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Human Trafficking & Code Enforcement


Leading Pro-Active Law Enforcement Agencies are recognizing the importnant role of Code Officers in the detection of human-trafficking situations.  Because we are out in the streets, all day along and often inspecting residential dwellings we are on the front line of detection.  Human Trafficking has many indicators which can be over-looked without the needed training and cooperation of law enforcement departments.  At the 2007 Florida Code Enforcement Association Conference in Jacksonville, Florida members were offered just such training. Unfortunately only as an should have been mandatory.  Human Trafficking comes in many forms: Young teenage girls at the mall approached by evil-intent persons only need a few minutes of a unsuspecting girls attention to slip a date-rape type drug into them.  Then they disappear forever into a drugged world of sex slavery.  Aliens, smuggled into the country in hopes of being with their families or a new start, are drugged and forever interned into this same cold world.  Some of these kids are not even in there teens yet.   Utilizing suburban and commercial property to conduct the operations, code officers are in a position to recognize the signs that they structure they are inspecting could be just such an operation.

Code enforcement officers join efforts to crack down on human trafficking

Star-Telegram Staff Writer

The city's code enforcement officers are looking for more than illegal dumping, overgrown lots and unsafe buildings.

Recognizing signs of human trafficking was recently added to their training after other law officers asked for help.

"They've recruited us to be their eyes and ears on the streets," said code officer Alex Southern, a spokesman for the department. "Our officers are out in the neighborhoods every day. We see and hear a lot."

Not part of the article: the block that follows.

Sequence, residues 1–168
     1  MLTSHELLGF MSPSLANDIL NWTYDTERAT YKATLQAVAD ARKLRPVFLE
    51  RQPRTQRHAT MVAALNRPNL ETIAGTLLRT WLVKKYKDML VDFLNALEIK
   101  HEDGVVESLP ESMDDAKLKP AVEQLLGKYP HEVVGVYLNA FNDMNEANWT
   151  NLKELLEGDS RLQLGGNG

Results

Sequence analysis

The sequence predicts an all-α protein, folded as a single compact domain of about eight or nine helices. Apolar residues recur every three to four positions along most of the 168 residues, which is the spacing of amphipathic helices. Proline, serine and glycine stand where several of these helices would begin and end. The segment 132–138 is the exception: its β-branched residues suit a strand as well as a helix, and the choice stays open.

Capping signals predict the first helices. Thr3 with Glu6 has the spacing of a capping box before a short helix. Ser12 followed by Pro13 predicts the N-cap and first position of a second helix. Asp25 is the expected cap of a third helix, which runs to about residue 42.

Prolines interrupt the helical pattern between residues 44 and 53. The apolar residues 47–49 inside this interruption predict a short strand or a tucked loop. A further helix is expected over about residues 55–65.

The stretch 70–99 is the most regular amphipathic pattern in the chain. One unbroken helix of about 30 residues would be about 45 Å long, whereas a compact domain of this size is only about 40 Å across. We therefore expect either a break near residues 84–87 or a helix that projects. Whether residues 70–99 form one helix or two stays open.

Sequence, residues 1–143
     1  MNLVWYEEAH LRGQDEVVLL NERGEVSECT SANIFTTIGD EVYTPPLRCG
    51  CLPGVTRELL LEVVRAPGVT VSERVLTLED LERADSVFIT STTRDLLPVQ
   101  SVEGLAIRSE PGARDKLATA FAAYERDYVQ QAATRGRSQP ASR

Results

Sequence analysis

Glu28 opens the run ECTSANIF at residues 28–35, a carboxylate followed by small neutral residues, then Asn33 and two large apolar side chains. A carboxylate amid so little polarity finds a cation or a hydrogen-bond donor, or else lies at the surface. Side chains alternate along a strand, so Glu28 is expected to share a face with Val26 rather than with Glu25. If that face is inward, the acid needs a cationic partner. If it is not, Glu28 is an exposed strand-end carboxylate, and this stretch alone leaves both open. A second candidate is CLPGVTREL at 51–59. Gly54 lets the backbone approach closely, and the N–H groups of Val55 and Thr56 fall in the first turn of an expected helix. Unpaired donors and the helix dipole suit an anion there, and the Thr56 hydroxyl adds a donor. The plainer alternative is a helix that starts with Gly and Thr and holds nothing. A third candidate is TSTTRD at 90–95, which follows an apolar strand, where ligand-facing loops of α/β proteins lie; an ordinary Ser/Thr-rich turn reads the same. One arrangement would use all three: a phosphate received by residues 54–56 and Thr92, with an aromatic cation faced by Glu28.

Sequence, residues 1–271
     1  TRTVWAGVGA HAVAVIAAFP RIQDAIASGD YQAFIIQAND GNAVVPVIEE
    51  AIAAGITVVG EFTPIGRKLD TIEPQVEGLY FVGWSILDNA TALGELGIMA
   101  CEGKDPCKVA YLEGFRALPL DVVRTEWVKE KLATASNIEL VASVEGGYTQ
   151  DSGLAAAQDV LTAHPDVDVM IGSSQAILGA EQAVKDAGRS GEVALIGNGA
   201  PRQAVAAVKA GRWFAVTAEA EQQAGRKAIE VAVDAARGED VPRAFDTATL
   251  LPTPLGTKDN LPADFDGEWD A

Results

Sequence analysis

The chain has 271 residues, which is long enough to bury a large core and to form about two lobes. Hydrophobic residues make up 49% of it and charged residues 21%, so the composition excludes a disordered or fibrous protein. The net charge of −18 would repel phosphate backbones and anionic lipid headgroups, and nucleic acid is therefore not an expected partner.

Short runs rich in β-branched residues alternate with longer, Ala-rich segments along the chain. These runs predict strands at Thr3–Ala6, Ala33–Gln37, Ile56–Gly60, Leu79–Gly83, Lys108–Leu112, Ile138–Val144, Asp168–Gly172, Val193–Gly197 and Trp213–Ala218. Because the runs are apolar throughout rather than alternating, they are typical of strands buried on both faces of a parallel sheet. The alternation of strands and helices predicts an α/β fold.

Federal, state and local authorities are trying to crack down on human trafficking in Dallas-Fort Worth, believed to be one of the fastest-growing hubs for trafficking.

Human trafficking involves forcing people from other countries, other states or even other parts of the Metroplex into servitude, often to repay a debt. The work includes prostitution, housekeeping or construction.

Large operations have been found in Fort Worth.

In 2002, federal agents raided six bars and seven homes after officials found Honduran women being forced to work as barmaids.

Authorities have busted similar operations in Dallas.

In December, Fort Worth created a police anti-trafficking unit with a $600,000 grant from the Justice Department. The unit, which the grant funds for three years, is part of the North Texas Anti-Trafficking Task Force, a collaboration of law enforcement and social service agencies.

The unit has several open investigations of Fort Worth-area trafficking, said Kathleen Murray, the unit's program director. But it asked code officers for help generating more leads.

"They cover a lot of ground," Murray said. "If they see any of the clues we've told them about, they'll notify us."

Training consists of explaining human trafficking and describing what goes on. There were accounts of women forced to have sex with men every 15 minutes for hours a day.

Half of each woman's earnings are withheld by the trafficker to pay for room and board and condoms. Victims are beaten, and food is withheld in this form of slavery, authorities said.

"It is deplorable," Southern said. "After seeing the way these people are forced to live, our officers were eager to help."